Monday, January 16, 2012

REVIEW: The Myth of Sisyphus by Albert Camus

A very difficult book to read it never the less was interesting in some aspects. The style of writing is very fluid and I find myself enjoying the way the author integrated both questions and his own thoughts in a way that has me thinking a great deal. This is one of the few books which does not have me not wanting to finish due to it being written in second person. Instead the work is in a way speaking with me on the subject and yet not lecturing either. It is rather strange, and yet it does bring a great deal of thinking, the way that Camus has statements throughout the book that are ended by question marks. It is almost as though he is questioning both himself and the reader. The same is true for the times that he ends his questions with periods as though he does not want an answer but merely wishes to have the question stated.
The distinction being made between logic and emotions is one that is familiar to me, by way of Star Trek. The distinction is constant throughout the Original Series as Dr. McCoy and Mr. Spock and their continuous spats about the virtues of logic as opposed to emotions.
Much of what Camus speaks of is immediately applicable to real life and as such allows me to understand to a greater extent that which he desires to communicate to his readers. Furthermore the shifts of topic flow so smoothly that at times I am hardly aware of the change.

The style of writing is very fluid and I find myself enjoying the way the author integrated both questions and his own thoughts in a way that has me thinking a great deal.  This is one of the few books which does not have me not wanting to finish due to it being written in second person.  Instead the work is in a way speaking with me on the subject and yet not lecturing either.  It is rather strange, and yet it does bring a great deal of thinking, the way that Camus has statements throughout the book that are ended by question marks.  It is almost as though he is questioning both himself and the reader.  The same is true for the times that he ends his questions with periods as though he does not want an answer but merely wishes to have the question stated.
The distinction being made between logic and emotions is one that is familiar to me, by way of Star Trek.  The distinction is constant throughout the Original Series as Dr. McCoy and Mr. Spock and their continuous spats about the virtues of logic as opposed to emotions.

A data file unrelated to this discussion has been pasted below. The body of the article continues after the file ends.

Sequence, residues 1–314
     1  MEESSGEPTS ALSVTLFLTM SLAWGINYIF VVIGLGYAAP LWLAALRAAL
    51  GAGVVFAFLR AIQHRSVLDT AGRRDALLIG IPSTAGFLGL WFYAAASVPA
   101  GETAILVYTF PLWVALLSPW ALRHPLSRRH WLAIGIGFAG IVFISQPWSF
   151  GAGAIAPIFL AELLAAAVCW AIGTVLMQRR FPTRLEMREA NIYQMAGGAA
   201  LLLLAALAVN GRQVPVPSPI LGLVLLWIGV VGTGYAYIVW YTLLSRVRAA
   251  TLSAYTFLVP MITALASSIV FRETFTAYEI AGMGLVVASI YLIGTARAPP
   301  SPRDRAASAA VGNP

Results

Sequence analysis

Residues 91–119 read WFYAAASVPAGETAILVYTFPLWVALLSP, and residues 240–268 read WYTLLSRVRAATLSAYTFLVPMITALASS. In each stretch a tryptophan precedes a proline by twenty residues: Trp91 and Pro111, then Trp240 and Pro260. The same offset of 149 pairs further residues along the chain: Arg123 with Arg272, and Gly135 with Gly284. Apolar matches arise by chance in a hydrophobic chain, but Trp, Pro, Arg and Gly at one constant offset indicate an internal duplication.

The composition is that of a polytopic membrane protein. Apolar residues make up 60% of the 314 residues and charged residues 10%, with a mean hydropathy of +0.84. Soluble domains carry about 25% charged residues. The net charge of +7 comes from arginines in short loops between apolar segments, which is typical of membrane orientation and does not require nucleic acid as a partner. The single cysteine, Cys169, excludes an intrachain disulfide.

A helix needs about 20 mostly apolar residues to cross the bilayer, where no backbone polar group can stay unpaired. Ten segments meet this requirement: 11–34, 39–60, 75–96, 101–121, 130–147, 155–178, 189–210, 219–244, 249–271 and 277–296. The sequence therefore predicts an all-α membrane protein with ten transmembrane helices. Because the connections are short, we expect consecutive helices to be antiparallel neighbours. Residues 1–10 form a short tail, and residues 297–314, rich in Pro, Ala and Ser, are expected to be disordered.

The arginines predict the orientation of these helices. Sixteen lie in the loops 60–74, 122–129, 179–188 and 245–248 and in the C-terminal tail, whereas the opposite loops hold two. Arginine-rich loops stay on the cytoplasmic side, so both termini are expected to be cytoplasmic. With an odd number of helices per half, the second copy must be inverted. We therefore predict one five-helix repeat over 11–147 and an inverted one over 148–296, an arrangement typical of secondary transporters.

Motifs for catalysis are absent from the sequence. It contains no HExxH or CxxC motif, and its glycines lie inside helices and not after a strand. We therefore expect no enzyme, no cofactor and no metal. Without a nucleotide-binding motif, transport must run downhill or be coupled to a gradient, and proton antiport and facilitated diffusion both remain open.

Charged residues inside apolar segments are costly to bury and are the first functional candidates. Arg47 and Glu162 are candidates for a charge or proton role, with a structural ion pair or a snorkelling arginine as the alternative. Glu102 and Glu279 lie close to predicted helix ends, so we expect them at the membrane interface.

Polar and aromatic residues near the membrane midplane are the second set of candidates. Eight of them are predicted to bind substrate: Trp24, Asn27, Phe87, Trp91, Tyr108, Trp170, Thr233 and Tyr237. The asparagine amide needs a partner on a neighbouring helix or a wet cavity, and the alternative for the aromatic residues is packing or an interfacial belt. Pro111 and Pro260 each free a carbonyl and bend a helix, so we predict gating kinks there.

Much of what Camus speaks of is immediately applicable to real life and as such allows me to understand to a greater extent that which he desires to communicate to his readers.  Furthermore the shifts of topic flow so smoothly that at times I am hardly aware of the change.
The later half of the Myths of Sisyphus Camus delves into the subjectivity in relation to personal life choices and view of the world.  The idea that anyone can have and aspect of their life which they devote themselves to and find fulfillment in.   Any individual can find an aspect or as the case of Don Juan in a specific emotion.  Don Juan's life fulfillment is to be in love at all moments of his life.  It does not matter that the love is not specific to one individual but rather he feels that he allows his partners to experience love at least once in their life.
Concerning the section on conquest:
It is said that actions speak louder than words but how does one judge actions? One can only judge one's self by their own standards; whether or not these standards fit with those of the society.  What can you judge them against? Any one person can judge another by only two criteria. They can judge the person by their own standards and by the standards set by their society.   In the context of conquest, where does action stand in relation to thought? Thoughts are in my opinion far more important as thoughts can be twisted to allow any action to be the most logical or even the best in the long run no matter how strange or terrible the action in question is.

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